Free-standing ER’s are for profit organizations. They don’t have to provide any charitable care, so they don’t qualify for tax favorable status like most hospital ER’s.
According to research and the higher ups where I worked, privately insured patients completely subsidize all other patients at hospital ER’s.
The average profit margin at hospital ER’s was 7.8%. The profit margin for Medicare patients was -15.6%. For Medicaid, it was -35.9% and for the uninsured, it was -54.9%. According to Medicaid.gov, Disproportionate Share Hospital (DSH) payments are made to hospitals that serve large amounts of Medicaid and uninsured patients, but payments from the federal, state, and local governments aren’t nearly enough to offset costs.
The profit margin on commercially insured patients was 39.6%, which proves that they completely subsidize all other patients to give non-profit hospitals a 7.8% profit margin.
This begs the controversial question: What if you only treated the privately insured? Enter independent freestanding ER’s.
Free-standings set up business in high income zip codes to attract the highest number of commercially insured patients.
In a major battleground city for independent free-standing ER’s, there is not a single one in the lower income south Dallas zip codes. They are all in the higher income North Dallas neighborhoods including Highland Park, Preston Hollow, Lake Highlands and Lakewood.
These independent free-standings are not associated with a hospital, so they can’t bill CMS for Medicare or Medicaid patients. They can bill commercial insurers as out of network providers, according to Advisory Board.
Hospital affiliated free-standing ER’s are more of an extension of that hospital’s ER services. They bill CMS and are considered in-network providers with the same contract that the insurance company has with the hospital.
Competitive Advantage (?)
Independent free-standing ER’s carve out the only profitable part of the emergency services market by serving commercially insured patients. This method of doing business is highly controversial as it siphons a significant of money away from non-profit centers that rely on these patients to fund new equipment etc. to improve community health.
Controversy and Legislation
These free-standing ER’s are highly controversial because they siphon a significant amount of money away from non-profit centers. Non-profit hospitals rely on these insured patients to offset losses from other types of payers in order to pay for new equipment and salaries. Basically, taking a large amount of the insured patients away from hospitals that serve the indigent population hurts the health of a community as a whole.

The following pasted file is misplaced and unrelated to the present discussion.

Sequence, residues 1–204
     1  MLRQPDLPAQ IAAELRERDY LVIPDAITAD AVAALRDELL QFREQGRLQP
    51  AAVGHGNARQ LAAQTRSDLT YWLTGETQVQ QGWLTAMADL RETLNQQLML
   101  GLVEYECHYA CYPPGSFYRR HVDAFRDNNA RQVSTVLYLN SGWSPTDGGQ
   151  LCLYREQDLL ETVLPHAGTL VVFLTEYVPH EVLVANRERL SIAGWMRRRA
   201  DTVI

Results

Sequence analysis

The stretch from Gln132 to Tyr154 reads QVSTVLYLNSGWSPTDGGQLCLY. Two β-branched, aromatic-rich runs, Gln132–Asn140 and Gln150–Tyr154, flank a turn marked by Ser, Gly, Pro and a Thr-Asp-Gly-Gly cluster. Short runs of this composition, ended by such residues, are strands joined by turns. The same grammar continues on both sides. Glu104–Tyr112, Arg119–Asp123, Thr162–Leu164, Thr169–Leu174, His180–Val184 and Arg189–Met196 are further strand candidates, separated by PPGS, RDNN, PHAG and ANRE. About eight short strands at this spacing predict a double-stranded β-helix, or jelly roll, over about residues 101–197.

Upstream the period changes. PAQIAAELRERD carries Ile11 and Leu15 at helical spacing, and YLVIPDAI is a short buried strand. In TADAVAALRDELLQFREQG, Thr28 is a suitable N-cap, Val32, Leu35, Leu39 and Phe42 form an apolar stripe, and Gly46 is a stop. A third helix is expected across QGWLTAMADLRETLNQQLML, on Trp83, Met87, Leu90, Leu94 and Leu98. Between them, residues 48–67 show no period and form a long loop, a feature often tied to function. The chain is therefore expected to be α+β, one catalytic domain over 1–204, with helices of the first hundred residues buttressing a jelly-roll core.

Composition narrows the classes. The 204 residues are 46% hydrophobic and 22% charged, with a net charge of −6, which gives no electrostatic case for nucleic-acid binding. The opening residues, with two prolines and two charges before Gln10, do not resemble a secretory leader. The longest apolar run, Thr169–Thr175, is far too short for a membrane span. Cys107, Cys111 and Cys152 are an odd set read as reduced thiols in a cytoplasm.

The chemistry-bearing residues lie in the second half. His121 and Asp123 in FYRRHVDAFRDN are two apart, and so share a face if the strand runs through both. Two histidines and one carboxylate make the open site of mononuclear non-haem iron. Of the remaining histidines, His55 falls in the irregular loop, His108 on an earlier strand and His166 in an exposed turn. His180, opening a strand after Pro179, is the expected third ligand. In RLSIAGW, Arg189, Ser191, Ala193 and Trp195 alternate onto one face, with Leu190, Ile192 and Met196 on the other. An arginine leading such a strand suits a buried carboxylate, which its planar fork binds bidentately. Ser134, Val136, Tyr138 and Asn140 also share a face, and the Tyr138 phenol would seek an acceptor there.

Dropping Bills First
Often free-standings aren’t able to treat a patient that comes in. The facility will run a few tests and order, say, a CT scan before the patient is sent to a hospital-based ER.
The free-standing immediately bills for the imaging and tests before the patients arrives at the hospital. When the same tests are run at the hospital and it bills for them, insurance companies won’t reimburse the hospital because the free-standing “dropped the bill” first.
This initial screening and immediate billing by free-standings for privately insured patients eliminates much of the only profit source for hospital ER’s.
These independent free-standing ER’s prefer to stay out-of-network from insurers. Getting in-network means your facility writes a contract with an insurance company to negotiate rates for procedures. The rates are usually lower. In fact, facilities can charge up to 10 times as much as an urgent care center or doctor’s office if they remain out-of-network, at least in Texas.
A representative from Blue Cross Blue Shield posted an article a few months ago illustrating this tendency. BCBS contacted every out-of-network independent free-standing ER in Texas, and every single one of them declined an in-network contract.
When a facility is out-of-network, they can charge whatever fee they believe is just. The patient’s insurance company then pays whatever it feels is a just reimbursement. The patient is left to pick up the difference is a process called “balanced billing.” The difference can often be amounts in the $1,000 to $5,000 range for simple procedures.
In Texas, Senate bill 507 was recently signed into law by Gov. Abbott, which might dramatically change the landscape of independent free-standing’s biggest market.
All balanced bills over $500 sent to patients must include all necessary information for price mediation. The bills must include this message: “You may be able to reduce some of your out-of-pocket costs for an out-of-network medical or health care claim that is eligible for mediation by contacting the Texas Department of Insurance at (website) and (phone number, including requiring that the following statement be added to balance bills.”
There are two sides to the issue, according to DMN. An industry group claims insurance companies shortchanged Texas free-standing facilities $3M since 2009.
In fact, 417 complaints in a one year span were recently submitted on behalf of the facilities to the Texas Department of Insurance. The TDI determined insurers owed over $1,000 per claim to the free-standing ER’s. Clearly, the ER’s are not completely in the wrong.
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- Independent free-standing ER’s don’t see nearly the amount of patients that hospital ER’s see, so wait times are significantly less.
- Costs are similar to hospital ER costs, but most people think they will cost as much as an urgent care because they look very similar.
- Payer mix is key to how independent free-standings can see so few patients. Profit margins are high and they are not bleeding money seeing uninsured or medicaid patients (or medicare to an extent.)
- Independent free-standings remain out of network to bill higher, but they still often get shortchanged by insurance companies resulting in high out of pocket expenses for patients.